poor attitudes and lack of product knowledge. Consumers
are relegated to point-of-purchase counter cards.
Is there another choice for manufacturers who need
to tell their product's story more effectively to
Television's massive audiences, in conjunction
with its newly developing retailing ability using
trained professionals to explain and sell merchandise,
will become the single most effective sales vehicle
Because of the newness of the industry, most suppliers
are unaware of the assorted entry-level vehicles
available to them. Too often this ignorance of television
marketing means they are missing a very important
new sales tool. Some remain on the sidelines unaware
of the creative options available. With others there's
a fear that their participation in television commercial
programming may be disruptive or perceived as competitive
to their existing retailers. It is a false concern.
This is not my opinion. The results cited above
and the history of the industry proves it to be
true. Properly done, television commercial programs
Once again, The Juicing Machines. In the Fall of
1991 through the Spring of 1992, electric juicing
machines were popular on television infomercials.
They sold hundreds of thousands. Guess what happened
at the retail counter? They sold out of the advertised
branch. And when stocks ran out, the other brands
went. No one ran an ad except the infomercial. Some
companies are scratching their heads. Enlightened
executives are reexamining their marketing strategies.
Impressed? There's more. The cost to produce and
air the infomercial was not an expense! It was a
revenue-generating vehicle. For the fist time advertising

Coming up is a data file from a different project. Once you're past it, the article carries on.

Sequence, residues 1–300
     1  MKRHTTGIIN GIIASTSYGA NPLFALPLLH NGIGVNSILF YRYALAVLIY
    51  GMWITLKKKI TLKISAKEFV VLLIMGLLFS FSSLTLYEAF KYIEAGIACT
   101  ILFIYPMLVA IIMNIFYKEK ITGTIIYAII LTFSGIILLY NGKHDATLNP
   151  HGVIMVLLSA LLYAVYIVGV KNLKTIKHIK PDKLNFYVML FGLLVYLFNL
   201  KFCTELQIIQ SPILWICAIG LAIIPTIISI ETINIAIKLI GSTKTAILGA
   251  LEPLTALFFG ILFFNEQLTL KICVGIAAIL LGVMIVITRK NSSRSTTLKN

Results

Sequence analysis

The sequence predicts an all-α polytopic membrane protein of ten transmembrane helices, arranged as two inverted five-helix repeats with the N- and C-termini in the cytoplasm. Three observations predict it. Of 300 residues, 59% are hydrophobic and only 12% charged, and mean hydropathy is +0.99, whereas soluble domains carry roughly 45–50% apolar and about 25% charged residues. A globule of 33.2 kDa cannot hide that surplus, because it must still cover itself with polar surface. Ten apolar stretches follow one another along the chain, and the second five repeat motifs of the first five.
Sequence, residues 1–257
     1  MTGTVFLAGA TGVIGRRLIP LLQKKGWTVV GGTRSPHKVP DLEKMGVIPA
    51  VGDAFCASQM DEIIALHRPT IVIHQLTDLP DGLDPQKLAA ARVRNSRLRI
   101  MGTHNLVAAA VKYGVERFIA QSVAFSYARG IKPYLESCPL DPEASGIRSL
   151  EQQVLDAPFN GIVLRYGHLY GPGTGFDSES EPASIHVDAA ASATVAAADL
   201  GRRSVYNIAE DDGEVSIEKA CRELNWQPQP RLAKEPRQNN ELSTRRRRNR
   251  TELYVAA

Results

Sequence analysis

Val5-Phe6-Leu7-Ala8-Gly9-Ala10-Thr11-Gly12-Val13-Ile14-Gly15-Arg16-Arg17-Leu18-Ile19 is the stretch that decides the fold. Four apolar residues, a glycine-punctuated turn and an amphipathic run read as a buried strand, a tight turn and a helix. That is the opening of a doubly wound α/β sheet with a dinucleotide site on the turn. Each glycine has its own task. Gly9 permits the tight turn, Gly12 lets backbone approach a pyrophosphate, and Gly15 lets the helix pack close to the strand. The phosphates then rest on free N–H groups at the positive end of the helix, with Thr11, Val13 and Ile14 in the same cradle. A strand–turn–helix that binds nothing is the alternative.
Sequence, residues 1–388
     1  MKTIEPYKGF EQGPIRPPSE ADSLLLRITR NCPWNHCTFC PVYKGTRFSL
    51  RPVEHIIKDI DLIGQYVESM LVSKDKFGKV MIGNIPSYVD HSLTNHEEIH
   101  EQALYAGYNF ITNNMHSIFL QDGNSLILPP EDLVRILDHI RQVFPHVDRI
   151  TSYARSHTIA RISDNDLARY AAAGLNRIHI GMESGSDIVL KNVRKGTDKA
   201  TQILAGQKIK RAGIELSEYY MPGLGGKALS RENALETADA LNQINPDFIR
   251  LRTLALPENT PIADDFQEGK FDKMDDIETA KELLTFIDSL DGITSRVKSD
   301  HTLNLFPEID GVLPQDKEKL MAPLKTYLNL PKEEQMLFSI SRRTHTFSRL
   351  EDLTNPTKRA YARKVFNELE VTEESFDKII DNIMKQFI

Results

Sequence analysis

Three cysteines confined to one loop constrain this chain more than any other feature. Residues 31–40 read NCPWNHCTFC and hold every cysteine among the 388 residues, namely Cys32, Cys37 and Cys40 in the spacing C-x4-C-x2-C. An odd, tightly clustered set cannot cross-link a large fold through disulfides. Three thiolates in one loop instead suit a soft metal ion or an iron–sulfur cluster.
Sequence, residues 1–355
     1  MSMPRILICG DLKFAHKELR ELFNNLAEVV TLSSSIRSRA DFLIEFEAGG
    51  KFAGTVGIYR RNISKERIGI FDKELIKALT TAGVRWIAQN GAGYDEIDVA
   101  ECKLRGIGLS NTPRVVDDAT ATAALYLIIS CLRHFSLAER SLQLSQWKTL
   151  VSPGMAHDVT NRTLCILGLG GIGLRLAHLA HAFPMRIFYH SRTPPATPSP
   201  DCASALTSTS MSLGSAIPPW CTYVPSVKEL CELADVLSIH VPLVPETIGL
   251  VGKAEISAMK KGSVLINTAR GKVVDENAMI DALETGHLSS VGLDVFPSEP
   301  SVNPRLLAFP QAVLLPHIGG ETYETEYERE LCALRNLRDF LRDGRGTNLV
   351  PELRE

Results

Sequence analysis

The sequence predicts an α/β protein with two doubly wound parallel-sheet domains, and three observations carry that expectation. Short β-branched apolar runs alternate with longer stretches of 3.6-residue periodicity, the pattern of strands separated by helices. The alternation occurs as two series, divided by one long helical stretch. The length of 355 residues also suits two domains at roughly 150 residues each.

became a definable profit center.
Times are changing. It is incumbent upon manufacturers
to become more aware of the potentional of television
retailing. Until then, they are constrained to old-fashioned
passive and institutional television advertising
techniques. Think of any product or service. Academically,
think about how much it will cost to bring it to
market. Not the whole USA market, just a small market.
You pick the territory. Let's suggest that the product
performs well. It's competitively priced, and it
has a reasonably wide appeal. What we don't know
is how well it will sell.
In the past we would budget enough money to build
sufficient product or, in the case of a service
oriented product, to support our service staff.
After the inventory commitments are made and budgeted,
our sales staff meets with our distributors, wholesalers,
retailers, or professionals, those who will sell
the product to the consumer.
These distributors are easy to please. They want
extended terms, free floor planning, cooperative
advertising, guaranteed sales, help in moving old
inventory, after-market support and service, return
guarantees, and lastly, they want you to sell your
product to them at pennies over your cost. In return,
they will devote time and shelf space at their discretion,
use sales people who often know less about the product
than the consumer knows, and push their own in-house
An infomercial can be produced for less than the
cost of a one-page ad in a local newspaper. The
sales staff featured in the infomercial is the finest
one can afford. The media cost is not part of the
formula because it is directly attached to the price
of each product. Inventory supplies can be minimal
because with TV, one can halt the airing of the
commercial if supplies run thin or increase it if
supplies are sufficient.
Imagine, for the cost of a focus group, one can
test your product in the real world using an infomercial.
Imagine having at hand and on call one's very best
sales person 24/7/365 and paying that person the
cost of a single day's work. Imagine having a retail
outlet that is open when stocks are available and
closed without overhead or layoffs when stocks run
short; and all this without a single consumer complaining.
Sounds good to me.
Why isn't everyone doing it? Many, many are. Read